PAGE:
Papa Miao assures me that the end result was tasty.

He still has a bunch of eggs left, so my adventures in non-vegan cooking haven’t ended quite yet.

I am signed up for the CSA again this year. It will be even more of a challenge because it will be divided between two people, not four this time. But last summer I had to buy stuff to supplement my share, and I want to freeze and dehydrate some things to use later in the year. We shall see.

Running shoes and the replacement thereof

My basic research suggests that 400 miles is a good lifetime for running shoes. Now that my most recent pair is within a couple weeks of that mark, I am starting to hesitate. Sure, they’re pretty worn, but can I really afford a new pair of $100+ shoes every three months? I could buy cheaper shoes, but cheaper shoes have always disappointed me. Maybe I could get 500 miles out of this pair. Maybe when winter strikes (leaves are turning already, and we had frost one night a week or two ago, and basically only five days of summer total) and I’m running on a treadmill in the gym, I should just wear my old shoes. I would hate to waste a good pair of shoes on indoor running. That’s probably not the right way to think about it.

Running is going well, more or less. I had to decrease my miles for a few weeks due to ITB and knee tightness, but I got a massage that helped tremendously. My massage therapist recommended that I use a foam roller, and while I had heard of them, it all seemed a bit mystical to me until I got one myself. I’ve been using it for less than a week now but I’m already almost back to normal. Supporting my weight on the roller thingy has had an unexpected and beneficial side effect of strengthening my arms. I hope.

The leg tightness started getting unmanageable when I went for almost two weeks without taking a rest day. I guess it was a bad idea. There didn’t seem to be another way to increase my mileage, given the time constraints of running before work. But then I started getting tired and achey and the weather got insanely cold in the morning (even UNDER 40 F some days!), and I dropped from 40+ miles/week to 14 miles/week. Relatively little harm was done, though, and I am bouncing back.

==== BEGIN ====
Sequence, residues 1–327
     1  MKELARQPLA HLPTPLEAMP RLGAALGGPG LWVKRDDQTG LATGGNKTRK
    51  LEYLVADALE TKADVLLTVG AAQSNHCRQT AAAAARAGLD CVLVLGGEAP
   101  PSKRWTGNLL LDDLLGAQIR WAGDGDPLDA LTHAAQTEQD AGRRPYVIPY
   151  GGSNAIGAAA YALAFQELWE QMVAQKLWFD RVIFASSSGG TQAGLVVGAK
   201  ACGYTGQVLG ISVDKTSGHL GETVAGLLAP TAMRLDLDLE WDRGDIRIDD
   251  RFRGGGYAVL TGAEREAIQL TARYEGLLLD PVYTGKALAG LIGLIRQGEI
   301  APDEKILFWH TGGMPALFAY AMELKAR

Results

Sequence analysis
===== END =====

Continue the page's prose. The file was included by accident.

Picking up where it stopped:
It occurs to me that this post has nothing to do with either floof or food.

Tips for cooking rice

Don’t forget to add water.

I probably eat my weight in rice each year, but for the first time ever I discovered what happens when you don’t add water to the rice cooker. You’d think they would have some type of fool-proof mechanism, but mine is quite rudimentary technologically speaking. It makes beautiful rice, under the right conditions. I did rinse the rice, I always rinse it, so it was strangely steamed and desiccated at the same time.

Then I recooked it with the proper amount of water and it turned out unevenly chewy and bloated, with none of its jasmine aroma. Overall what I learned from this experience is that I need more sleep.

Chard Samosas

I made raw chard-wrapped spring rolls once and wasn’t too impressed, but I decided to give chard wrapping another chance. Potato Samosa Stuffed Chard from the Forks Over Knives cookbook looked promising. It turned out to be a multiple-step cooking process which I made even more complicated by modifying the original recipe it an attempt to make it less healthy and more yummy, but in the end it was worth it. Since my modifications were fairly significant, I will post my version here. It took a while to make, with all the different steps, too many opportunities to burn myself on steam, and way too many dirty dishes at the end. I’m sure next time I make it, it will be easier. It was good enough to make a second time.

Chard Potato Samosas

8-12 chard leaves

spice mix
1 tsp black mustard seeds